The Frick Collection, New York
June 7 – September 11 2011
1 East 70th Street New York 10021
+ 1 212-288-0700

By the late eighteenth century, France had long been fascinated by the Ottoman Empire. Trade with Turkish territories had been going on for centuries, and in the fall of 1776, centuries of trade and diplomacy between France and the Ottoman empire inspired a fashion that began in the theatre and consequently launched a taste for interiors à la turque, or “in the Turkish style.”

Soon after, boudoirs turcs were created in several royal residences in the circle of Marie-Antoinette. This taste was largely confined to the royal court and the French aristocracy, and few objects survive today.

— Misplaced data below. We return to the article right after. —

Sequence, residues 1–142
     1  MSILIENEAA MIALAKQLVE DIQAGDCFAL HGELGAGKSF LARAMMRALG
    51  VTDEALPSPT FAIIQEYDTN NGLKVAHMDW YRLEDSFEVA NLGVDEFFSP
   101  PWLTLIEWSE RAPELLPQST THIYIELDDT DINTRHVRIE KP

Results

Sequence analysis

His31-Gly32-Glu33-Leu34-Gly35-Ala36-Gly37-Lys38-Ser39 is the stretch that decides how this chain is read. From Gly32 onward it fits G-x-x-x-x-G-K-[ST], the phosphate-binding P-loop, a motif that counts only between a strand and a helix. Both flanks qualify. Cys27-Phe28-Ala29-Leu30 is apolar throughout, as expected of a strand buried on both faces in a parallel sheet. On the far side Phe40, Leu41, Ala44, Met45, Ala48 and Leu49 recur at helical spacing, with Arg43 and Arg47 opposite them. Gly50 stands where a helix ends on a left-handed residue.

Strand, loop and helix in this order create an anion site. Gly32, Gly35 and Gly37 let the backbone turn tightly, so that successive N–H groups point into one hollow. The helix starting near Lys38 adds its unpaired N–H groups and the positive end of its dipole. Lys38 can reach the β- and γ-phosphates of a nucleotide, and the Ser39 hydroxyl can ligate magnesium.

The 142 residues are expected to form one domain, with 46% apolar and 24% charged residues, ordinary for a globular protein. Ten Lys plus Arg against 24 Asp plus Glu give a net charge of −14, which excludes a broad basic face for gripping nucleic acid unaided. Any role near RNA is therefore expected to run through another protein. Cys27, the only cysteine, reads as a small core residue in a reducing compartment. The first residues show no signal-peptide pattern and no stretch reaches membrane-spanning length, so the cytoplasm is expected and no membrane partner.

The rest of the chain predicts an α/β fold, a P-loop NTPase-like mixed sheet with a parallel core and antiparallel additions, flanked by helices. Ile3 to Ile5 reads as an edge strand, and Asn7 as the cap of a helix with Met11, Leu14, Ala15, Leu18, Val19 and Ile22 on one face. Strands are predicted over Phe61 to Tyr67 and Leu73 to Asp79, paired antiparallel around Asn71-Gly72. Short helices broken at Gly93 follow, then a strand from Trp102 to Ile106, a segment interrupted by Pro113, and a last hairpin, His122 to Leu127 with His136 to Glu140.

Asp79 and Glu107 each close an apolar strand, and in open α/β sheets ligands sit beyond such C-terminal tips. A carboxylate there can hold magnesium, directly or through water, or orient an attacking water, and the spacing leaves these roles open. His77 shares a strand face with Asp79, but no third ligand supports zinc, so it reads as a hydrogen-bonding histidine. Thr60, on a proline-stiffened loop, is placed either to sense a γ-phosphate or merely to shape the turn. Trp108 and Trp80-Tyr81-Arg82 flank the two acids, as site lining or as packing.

A pair of French console tables at the Frick, whose exceptional quality suggested royal origin, inspired this dossier exhibition. Such items were created by interior decorators, architects, designers and craftsmen inspired by an imaginary Ottoman empire and were not literal copies of Turkish models. Although the objects often contain Turkish features in their design, their form and function remain essentially French. Moreover, having been made for the royal family or wealthy aristocrats, they were of the highest quality, and can be attributed to the best artists of the time.